A group of Elmiron lawsuits from around the country have been consolidated and transferred to federal court in the District of New Jersey, where they will be heard by U.S. District Judge Brian Martinotti.
The transfer order applies to 63 Elmiron lawsuits from 11 federal districts. Sixty-five additional Elmiron lawsuits, as well as future lawsuits — which the panel estimated could grow into the hundreds — may be included at a later date, pending review.
The decision was issued last month by the seven federal judges who sit on the U.S. Judicial Panel on Multidistrict Litigation, also known as the MDL Panel.
Multidistrict litigation, which is only possible in federal civil court, groups related lawsuits together under one judge. By reducing redundancy and increasing efficiency in the lawsuit process, multidistrict litigation streamlines things. It eases the burden on the federal court system and makes legal action more convenient for the claimants and witnesses.
“The actions (lawsuits) involve common factual issues concerning the propensity of Elmiron to cause retinal injuries, notably atypical or pigmentary maculopathy. … This litigation likely will implicate complex scientific and regulatory issues. Centralization will eliminate duplicative discovery; avoid inconsistent pretrial rulings; and conserve the resources of the parties, their counsel and the judiciary,” according to the transfer order.
Manufactured by Johnson & Johnson subsidiary Janssen Pharmaceuticals, Elmiron (sodium pentosan polysulfate sodium) is the only oral medication approved by the U.S. Food and Drug Administration for the treatment of interstitial cystitis, a painful bladder condition.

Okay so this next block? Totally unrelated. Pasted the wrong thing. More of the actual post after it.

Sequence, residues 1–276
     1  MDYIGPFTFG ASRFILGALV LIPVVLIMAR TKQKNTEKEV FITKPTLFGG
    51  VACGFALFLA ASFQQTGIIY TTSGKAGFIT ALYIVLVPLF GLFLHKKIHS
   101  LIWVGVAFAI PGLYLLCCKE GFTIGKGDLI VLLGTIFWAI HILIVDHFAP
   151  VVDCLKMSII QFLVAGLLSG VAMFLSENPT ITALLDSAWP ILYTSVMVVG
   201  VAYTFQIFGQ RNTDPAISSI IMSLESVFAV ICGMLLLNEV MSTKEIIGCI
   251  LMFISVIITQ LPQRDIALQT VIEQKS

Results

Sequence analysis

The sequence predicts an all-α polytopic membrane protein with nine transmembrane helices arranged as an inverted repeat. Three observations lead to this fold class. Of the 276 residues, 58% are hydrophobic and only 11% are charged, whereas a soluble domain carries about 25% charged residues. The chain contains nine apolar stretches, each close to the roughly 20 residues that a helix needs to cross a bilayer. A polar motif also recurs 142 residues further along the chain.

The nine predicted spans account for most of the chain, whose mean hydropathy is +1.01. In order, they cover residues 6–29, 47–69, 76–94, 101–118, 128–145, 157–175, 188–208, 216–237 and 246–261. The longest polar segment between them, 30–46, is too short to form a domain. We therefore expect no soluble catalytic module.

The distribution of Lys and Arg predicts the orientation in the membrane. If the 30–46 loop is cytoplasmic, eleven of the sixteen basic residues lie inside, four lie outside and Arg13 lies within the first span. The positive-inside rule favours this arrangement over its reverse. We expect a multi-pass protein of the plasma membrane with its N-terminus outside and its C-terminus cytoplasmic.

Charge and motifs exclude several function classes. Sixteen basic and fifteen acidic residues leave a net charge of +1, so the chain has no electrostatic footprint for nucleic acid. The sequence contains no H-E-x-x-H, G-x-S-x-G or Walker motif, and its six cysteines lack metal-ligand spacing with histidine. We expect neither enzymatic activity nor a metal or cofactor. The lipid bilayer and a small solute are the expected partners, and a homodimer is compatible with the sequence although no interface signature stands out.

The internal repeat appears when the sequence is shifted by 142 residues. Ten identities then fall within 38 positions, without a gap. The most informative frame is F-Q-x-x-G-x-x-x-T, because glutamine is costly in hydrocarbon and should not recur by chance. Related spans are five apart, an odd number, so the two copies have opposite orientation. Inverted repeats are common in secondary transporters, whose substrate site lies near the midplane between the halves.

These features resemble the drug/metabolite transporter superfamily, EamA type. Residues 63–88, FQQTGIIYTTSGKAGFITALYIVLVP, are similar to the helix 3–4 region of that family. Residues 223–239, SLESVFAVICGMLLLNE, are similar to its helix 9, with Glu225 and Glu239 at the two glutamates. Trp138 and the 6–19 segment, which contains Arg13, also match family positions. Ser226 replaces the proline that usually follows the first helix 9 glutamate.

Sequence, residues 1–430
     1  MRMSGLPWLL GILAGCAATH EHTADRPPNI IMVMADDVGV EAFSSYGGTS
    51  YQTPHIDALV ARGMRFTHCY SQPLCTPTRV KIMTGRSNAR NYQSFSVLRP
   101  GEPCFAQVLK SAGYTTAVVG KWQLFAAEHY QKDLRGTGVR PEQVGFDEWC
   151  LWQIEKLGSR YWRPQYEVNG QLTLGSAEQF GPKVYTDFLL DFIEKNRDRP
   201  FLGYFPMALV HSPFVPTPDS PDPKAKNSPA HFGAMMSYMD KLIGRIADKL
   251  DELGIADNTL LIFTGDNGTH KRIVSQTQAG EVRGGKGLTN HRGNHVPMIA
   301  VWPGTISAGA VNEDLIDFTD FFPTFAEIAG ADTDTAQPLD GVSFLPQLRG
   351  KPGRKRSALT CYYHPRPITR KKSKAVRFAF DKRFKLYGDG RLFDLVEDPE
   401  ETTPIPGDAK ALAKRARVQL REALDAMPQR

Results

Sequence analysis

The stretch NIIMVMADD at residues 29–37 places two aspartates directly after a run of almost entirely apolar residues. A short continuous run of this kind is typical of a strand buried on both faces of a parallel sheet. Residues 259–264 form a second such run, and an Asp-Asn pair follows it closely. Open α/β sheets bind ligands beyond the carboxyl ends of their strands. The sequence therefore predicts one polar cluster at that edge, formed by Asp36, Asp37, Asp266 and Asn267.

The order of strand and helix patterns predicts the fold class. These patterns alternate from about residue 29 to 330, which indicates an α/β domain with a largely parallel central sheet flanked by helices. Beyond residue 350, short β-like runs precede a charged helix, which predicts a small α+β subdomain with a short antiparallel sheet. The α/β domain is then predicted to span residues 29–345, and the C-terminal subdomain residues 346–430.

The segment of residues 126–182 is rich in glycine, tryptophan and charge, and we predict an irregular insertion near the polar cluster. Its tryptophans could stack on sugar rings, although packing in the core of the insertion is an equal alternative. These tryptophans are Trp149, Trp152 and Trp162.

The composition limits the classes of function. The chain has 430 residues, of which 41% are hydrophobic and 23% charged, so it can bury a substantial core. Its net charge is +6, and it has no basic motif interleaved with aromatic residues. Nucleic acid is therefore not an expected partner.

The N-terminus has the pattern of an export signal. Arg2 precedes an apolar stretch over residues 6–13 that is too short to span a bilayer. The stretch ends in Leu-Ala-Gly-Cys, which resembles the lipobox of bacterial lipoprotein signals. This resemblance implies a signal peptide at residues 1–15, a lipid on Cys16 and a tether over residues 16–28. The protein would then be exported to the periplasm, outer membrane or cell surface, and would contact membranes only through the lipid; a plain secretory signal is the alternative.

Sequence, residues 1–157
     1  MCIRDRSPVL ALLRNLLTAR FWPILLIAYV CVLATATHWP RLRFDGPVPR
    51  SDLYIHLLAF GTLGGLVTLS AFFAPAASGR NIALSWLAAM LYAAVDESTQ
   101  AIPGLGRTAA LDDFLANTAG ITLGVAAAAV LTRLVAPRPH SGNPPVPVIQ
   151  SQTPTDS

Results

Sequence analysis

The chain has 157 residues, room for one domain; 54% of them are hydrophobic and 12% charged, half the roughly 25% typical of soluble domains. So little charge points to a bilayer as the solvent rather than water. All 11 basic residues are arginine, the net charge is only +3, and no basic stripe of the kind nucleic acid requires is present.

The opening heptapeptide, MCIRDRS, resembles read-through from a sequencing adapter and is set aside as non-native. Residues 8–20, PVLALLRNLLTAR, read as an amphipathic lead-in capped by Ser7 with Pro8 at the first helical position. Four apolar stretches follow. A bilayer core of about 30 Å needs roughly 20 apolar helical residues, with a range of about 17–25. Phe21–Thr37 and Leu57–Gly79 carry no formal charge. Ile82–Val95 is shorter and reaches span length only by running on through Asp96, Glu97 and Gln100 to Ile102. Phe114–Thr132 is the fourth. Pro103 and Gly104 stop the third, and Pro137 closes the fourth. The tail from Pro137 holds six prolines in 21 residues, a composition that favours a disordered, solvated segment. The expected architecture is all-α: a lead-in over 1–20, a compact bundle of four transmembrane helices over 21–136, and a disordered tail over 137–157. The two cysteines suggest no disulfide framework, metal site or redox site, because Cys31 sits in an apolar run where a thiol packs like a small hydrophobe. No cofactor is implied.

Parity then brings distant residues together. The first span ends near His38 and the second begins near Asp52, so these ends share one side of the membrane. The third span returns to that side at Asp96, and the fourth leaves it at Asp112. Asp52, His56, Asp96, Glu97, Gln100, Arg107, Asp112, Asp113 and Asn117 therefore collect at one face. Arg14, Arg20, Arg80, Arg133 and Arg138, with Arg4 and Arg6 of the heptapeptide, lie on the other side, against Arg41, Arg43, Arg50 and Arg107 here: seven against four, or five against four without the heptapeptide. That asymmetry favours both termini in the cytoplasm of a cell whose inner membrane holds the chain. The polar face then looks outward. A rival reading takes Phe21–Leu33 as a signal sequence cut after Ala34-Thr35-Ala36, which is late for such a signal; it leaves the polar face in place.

First approved in 1996, long-term use of Elmiron became associated with a unique form of macular degeneration known as pigmentary maculopathy when a small case study was published in 2018. Subsequent studies have only strengthened this link. Vision loss from pigmentary maculopathy, which damages the retina, is permanent and can lead to blindness.
In June 2020 Janssen added a warning about pigmentary maculopathy to the Elmiron package insert.
Both Janssen and Johnson & Johnson are headquartered in New Jersey, which was cited as advantageous for sourcing witnesses and documents, and was a factor in the decision to consolidate the Elmiron lawsuits in New Jersey.
Other drugmakers, including Bayer and Teva, are also named as defendants. Teva holds the licensing rights to Elmiron, which it has sold to Janssen and Bayer to manufacture the drug.
In December, a federal judge in Pennsylvania blocked a proposed Elmiron class action lawsuit involving compensation for preventive medical monitoring for unharmed Elmiron users. The judge asserted that state laws regarding “no-injury” medical monitoring claims varied too widely to allow the cases to be consolidated.
By Carah Wertheimer
Carah Wertheimer is an editor and reporter based in Boulder, Colorado. Her areas of specialization include food, health, environment, social justice and community reporting. Her work has appeared in National Geographic, The Denver Post, The Daily Beast, the Boulder Daily Camera, Boulder Weekly and other publications.